Boeing’s stock, the largest component of the Dow, finished the session down slightly and is hovering around where it began the year. The shares are down about 7% since the second 737 Max crashed on March 10. “That’s pretty stable for a company that could be in serious trouble from a host of demand issues (ie not selling many planes,) regulation, legal (lots of people going to sue), cash, a loss of confidence, and a growing perceptions the company lost sight of safety in search of profit,” said strategist Bill Blain of London-based Shard Capital, which oversees more than $1 billion in assets. He went into the specific Boeing issues to paint what he believes to be a bleak picture, not only for the stock, but for the rest of the market as well.
For one, he says, it’s unlikely that the 737 Max, with its inventory piling up in airport parking lots, will get back in the air this year. “Boeing is hemorrhaging cash to build an aircraft no-one can fly — not a great strategy,” Blain wrote. So, the company’s trying to rush deliveries of other aircrafts to make up for it.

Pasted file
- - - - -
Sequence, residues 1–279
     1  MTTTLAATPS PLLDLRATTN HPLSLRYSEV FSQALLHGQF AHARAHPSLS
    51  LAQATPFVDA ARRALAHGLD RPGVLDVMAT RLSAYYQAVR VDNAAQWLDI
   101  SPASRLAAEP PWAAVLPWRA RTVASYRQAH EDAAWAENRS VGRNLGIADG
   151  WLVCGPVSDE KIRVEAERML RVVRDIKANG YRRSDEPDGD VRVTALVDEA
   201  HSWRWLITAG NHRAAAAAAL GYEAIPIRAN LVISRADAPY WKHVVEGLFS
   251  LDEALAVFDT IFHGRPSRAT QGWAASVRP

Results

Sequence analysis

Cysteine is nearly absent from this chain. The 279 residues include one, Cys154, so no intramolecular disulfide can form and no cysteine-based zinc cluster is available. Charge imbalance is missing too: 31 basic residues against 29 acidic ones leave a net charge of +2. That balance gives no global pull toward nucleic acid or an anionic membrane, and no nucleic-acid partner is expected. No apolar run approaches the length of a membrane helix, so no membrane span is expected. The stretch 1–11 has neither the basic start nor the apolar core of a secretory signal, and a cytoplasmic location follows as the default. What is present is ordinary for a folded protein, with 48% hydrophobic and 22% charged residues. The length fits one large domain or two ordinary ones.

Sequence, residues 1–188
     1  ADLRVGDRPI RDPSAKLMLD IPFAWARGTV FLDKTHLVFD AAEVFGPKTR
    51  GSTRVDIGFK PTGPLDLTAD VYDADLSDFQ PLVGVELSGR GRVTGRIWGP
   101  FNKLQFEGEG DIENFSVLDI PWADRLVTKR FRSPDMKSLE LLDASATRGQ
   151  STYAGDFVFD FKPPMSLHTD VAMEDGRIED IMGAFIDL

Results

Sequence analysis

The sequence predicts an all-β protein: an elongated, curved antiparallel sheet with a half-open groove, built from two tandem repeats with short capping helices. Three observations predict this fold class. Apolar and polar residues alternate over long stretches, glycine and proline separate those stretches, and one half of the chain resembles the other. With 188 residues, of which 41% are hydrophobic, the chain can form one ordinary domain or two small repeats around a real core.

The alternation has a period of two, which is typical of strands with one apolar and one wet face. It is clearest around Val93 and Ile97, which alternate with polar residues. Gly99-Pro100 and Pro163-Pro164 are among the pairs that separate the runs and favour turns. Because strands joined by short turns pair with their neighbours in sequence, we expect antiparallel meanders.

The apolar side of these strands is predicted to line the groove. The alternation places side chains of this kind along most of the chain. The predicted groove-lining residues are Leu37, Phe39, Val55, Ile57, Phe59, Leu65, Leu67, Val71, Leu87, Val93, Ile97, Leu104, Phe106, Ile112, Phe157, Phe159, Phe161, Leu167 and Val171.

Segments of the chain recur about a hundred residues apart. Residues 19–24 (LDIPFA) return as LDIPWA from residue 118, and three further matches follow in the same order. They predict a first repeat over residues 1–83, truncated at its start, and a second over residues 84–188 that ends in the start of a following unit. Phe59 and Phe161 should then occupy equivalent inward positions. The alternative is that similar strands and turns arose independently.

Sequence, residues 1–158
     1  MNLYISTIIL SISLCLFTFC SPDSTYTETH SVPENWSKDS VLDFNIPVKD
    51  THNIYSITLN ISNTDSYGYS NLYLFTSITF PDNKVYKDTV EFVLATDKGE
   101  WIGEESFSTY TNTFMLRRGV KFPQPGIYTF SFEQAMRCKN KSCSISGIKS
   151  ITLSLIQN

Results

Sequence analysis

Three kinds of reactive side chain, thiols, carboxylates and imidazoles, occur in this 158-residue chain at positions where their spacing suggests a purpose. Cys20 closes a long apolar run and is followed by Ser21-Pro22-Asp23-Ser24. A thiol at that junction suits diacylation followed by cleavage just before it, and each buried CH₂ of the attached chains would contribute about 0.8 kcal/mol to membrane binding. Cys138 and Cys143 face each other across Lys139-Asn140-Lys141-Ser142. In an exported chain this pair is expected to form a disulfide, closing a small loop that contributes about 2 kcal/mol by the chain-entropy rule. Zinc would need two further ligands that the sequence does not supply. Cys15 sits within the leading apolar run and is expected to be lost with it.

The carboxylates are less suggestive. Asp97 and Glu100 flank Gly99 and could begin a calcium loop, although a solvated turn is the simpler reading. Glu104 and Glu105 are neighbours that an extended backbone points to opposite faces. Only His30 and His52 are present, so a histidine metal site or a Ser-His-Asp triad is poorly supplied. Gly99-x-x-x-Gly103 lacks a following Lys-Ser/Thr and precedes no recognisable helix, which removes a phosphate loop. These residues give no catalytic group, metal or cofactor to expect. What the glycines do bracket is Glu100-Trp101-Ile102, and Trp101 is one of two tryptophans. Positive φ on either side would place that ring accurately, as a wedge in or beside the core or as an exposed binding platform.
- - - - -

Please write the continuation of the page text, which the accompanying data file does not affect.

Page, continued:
That, however, has presented its own issues, including problems with 787 Dreamliners, which the New York Times NYT, -0.58% reported are suffering from “shoddy production and weak oversight” at Boeing’s Charleston factory. So what’s it all mean for investors?
Another problem is the manufacturer’s approach of upgrading its old aircraft instead of designing new ones. “It made commercial sense for Boeing to keep upgrading and upscaling the ,” Blain said, “because it kept the factories delivering and they could tell regulators it was just an upgrade not a new design saving billions on testing and training.” But that led to cost-cutting that compromised the 737 Max.
How this one stock could ultimately be responsible for killing the bull market, MarketWatch, Jul 11